“My college professor Brooke Stevens told my class it was not the best writers who succeeded, but the most persistent ones, and I have reminded myself of that advice again and again. What he left out is that in addition to trying really, really hard, you also need the chutzpah to promote yourself and make the right connections. But that becomes challenging, if not impossible, when you’re constantly questioning your value as a writer,” Lindsay Merbaum writes in Not a Real Writer: How Self-Doubt Holds Me Back.

Siobhan Lyons writes about what ‘ruin porn’ tells us about ruins: “Criticisms of ruin porn stem from the suggestion that these photographs are bereft of any sort of socio-economic context regarding their cause and aftermath, and are dismissive of the broader failures of modern economic life.”

Poet Spotlight: Chella Courington on being “at home with voice and vision”

Chella CouringtonChella Courington grew up in a family of storytellers. Seduced by the written word, she pursued her Ph.D. in literature from the University of South Carolina and her MFA in poetry from New England College. In addition to teaching literature and writing at Santa Barbara City College in California, she writes and publishes poetry and fiction, which has appeared in several books and chapbooks. Here, Chella speaks about her two latest publications, a flash novella and a new collection of poetry.

Tell us a little bit about your recently released novella, The Somewhat Sad Tale of the Pitcher and the Crow.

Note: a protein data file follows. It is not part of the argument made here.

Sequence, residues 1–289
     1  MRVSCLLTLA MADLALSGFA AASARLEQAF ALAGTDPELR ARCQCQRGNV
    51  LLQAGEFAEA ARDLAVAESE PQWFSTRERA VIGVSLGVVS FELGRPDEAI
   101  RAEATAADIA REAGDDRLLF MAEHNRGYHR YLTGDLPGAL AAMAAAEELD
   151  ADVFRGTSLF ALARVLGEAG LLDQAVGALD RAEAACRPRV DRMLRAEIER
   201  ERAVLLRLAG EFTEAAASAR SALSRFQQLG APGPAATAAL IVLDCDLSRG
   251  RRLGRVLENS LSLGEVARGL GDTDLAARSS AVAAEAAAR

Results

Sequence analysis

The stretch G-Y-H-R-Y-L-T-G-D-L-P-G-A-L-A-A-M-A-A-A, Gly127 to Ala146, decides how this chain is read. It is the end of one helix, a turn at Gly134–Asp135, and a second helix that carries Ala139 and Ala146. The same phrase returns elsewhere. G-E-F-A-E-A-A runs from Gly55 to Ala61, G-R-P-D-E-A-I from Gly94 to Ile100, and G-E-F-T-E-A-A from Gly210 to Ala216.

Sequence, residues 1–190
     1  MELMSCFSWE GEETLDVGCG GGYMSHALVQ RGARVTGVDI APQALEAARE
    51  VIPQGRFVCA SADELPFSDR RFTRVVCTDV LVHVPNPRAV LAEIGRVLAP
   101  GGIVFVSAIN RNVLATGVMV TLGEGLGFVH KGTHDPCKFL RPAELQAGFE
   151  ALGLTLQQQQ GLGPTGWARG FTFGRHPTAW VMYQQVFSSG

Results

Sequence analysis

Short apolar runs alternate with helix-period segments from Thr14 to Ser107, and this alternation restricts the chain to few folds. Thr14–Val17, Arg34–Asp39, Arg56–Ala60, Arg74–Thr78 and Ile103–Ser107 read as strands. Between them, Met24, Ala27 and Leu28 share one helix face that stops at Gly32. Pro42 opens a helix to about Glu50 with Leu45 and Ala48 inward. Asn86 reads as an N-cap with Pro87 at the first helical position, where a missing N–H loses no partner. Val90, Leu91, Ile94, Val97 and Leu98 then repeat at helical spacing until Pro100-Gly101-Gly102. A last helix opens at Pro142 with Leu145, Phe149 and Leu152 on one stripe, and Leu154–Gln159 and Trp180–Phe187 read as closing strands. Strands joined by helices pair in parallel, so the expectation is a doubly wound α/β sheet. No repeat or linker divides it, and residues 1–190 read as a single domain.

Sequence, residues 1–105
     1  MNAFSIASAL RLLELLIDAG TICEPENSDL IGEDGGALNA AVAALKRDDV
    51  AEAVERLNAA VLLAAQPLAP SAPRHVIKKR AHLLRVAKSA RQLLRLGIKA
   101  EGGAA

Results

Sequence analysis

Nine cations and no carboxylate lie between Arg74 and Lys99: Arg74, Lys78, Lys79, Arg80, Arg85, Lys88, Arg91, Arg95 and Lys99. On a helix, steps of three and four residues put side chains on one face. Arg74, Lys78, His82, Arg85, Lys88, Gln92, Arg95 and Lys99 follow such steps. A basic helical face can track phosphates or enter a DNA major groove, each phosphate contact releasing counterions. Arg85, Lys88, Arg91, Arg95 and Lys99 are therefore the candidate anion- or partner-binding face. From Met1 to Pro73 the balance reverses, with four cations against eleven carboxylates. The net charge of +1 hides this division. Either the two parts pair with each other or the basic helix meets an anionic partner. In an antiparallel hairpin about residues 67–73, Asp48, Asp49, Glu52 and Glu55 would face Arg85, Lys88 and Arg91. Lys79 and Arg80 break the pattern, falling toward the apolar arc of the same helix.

A life in flashes, it tells of Adele and Tom, a writing couple now in California. Told from both points of view, the novella explores the increasing distance between two artists trying to occupy the same space: one writer’s success is another’s failure.

But finally, the story is Adele’s as she struggles with relationship, self and aging. A woman born in the Appalachian South yet finding home in California, she tries to understand who she is through the past and the present.

The Somewhat Sad Tale of the Pitcher and the Crow by Chella CouringtonYou’ve described The Somewhat Sad Tale of the Pitcher and the Crow as a flash novella. How did flash fiction as a structural form lend itself to the telling of a larger tale

Flash fiction is not naturally a form that lends itself to a longer traditional narrative (one with a mainly linear plot line). But flash fiction does lend itself to a pointillist novel/novella where each flash provides a point, an emotional brushstroke. The combined points, artfully arranged, tell a tale.